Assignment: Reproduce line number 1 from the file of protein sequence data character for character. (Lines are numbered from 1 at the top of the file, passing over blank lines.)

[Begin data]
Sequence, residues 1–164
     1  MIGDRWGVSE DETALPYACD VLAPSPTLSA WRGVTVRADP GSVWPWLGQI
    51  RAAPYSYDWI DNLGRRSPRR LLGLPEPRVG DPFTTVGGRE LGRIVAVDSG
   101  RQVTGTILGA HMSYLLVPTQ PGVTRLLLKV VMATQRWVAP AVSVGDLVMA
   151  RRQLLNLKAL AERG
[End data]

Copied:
Sequence, residues 1–164